Skip James - Kit Downes
AKG C541- Drum Overheads Bayer Dynamic
M201 – Snare
AKG 414 – Kick Drum
AKG 414 – Centre/Rack Tom Beyer Dynamic
M201 – Cello 2x Sony C48 – Piano Strings in cut out 2x Calrec – Piano Hammers
KSM’s – Sax Clarinet
DPA – Double Bass
DI – Bass
As this was an important recording the people helping with the recording and I had set up a backup Macbook Pro with its own interface which was a Focusrite Saffire Pro 40. The primary set up was also made up of a Macbook Pro and its own dedicated interface. Each Macbook was running Reaper to record the audio into as it is 'technically' free therefore both Macbooks could run it and record without any problems of conflicting file types across different users. However for the mixing process of the track 'Skip James' I made use of Reapers tools to bounce out the stems of each track and mix them in Pro Tools as I am more familiar with the user interface.
Piano Mics: On the left, a stereo pair of C48's in the cut out of the body set to cardioid to avoid feedback from the bass behind and to isolate the piano. The C48's capture the body of the piano while the Calrec's positioned above the keys help to capture the more percussive attacks of the piano notes. This technique proves in giving a grand piano a lot of depth over the frequency spectrum.
Kick Drum: An AKG 414 placed off centre of the drum, more specifcally for the type of music as we weren't wanting to capture a bassy and boomy kick drum sound.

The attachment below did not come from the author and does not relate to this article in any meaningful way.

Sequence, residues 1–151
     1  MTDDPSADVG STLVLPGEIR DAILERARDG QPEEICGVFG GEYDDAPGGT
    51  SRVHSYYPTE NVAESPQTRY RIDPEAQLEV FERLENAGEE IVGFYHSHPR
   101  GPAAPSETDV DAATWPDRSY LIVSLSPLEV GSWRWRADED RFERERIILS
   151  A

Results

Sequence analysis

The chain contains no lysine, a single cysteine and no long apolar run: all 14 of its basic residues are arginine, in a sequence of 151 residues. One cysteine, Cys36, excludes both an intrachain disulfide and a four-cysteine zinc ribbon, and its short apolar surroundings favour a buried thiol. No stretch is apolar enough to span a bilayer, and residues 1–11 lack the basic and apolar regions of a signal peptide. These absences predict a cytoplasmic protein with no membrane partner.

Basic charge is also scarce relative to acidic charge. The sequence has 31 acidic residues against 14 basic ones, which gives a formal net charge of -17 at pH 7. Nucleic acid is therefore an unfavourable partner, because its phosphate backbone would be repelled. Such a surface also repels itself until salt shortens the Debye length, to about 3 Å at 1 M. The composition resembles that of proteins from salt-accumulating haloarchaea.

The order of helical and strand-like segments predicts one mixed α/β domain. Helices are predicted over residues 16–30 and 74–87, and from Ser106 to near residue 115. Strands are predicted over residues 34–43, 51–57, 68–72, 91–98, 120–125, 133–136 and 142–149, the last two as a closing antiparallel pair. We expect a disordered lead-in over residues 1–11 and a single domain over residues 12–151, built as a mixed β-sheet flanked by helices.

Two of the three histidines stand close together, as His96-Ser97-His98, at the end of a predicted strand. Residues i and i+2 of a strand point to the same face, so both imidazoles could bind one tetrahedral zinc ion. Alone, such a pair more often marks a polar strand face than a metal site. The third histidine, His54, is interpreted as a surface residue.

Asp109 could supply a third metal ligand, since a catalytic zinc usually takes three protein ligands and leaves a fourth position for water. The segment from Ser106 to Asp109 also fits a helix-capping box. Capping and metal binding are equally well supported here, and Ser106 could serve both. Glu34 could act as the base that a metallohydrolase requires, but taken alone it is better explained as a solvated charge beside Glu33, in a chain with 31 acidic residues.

Tom Rack: Another AKG 414 to capture the toms of the drums.
Snare: Beyer M201, great at picking up the dynamic properties of Jazz playing which can be vast in terms of dynmics.
Overheads: AKG C451's that capture the body of the drum kit and it's overall sound including of course the cymbals and hi hats.
The purpose of the drum mic setup overall was to suit it for a live environment but capture the overall sound of the kit and its timbre rather than spot mic'ing which is not the right thing to do in this type of space.
Bass: This is such an effective microphone placement for all stringed instruments using a DPA clip-on microphone. We also ran a direct input as means of a back up in case anything failed during the recording.
Sax: It is hard to see in this picture but there were two of the KSM's used on the Saxophone, one directed at the mouth piece and one directed near the bell of the instrument, again to get an overall, realistic sound of a sax.
Cello: A M201 was used on the cello and directed at the bridge, as the cello is smaller it was very suitable for catching the overall timbre of the instrument.
Having never really done a lot of live recording of gigs, let alone jazz gigs I took away one key lesson, which was that if you get the mic positioning right, it saves you so much hassle in the mixing process.
It was for this very reason why the mixing process was fairly straight forward and just a case of cleaning up and editing the piece.
I chose the piece 'Skip James' as it has a gradual ramp in dynamic towards the end of the piece displaying the execution of the mic positioning.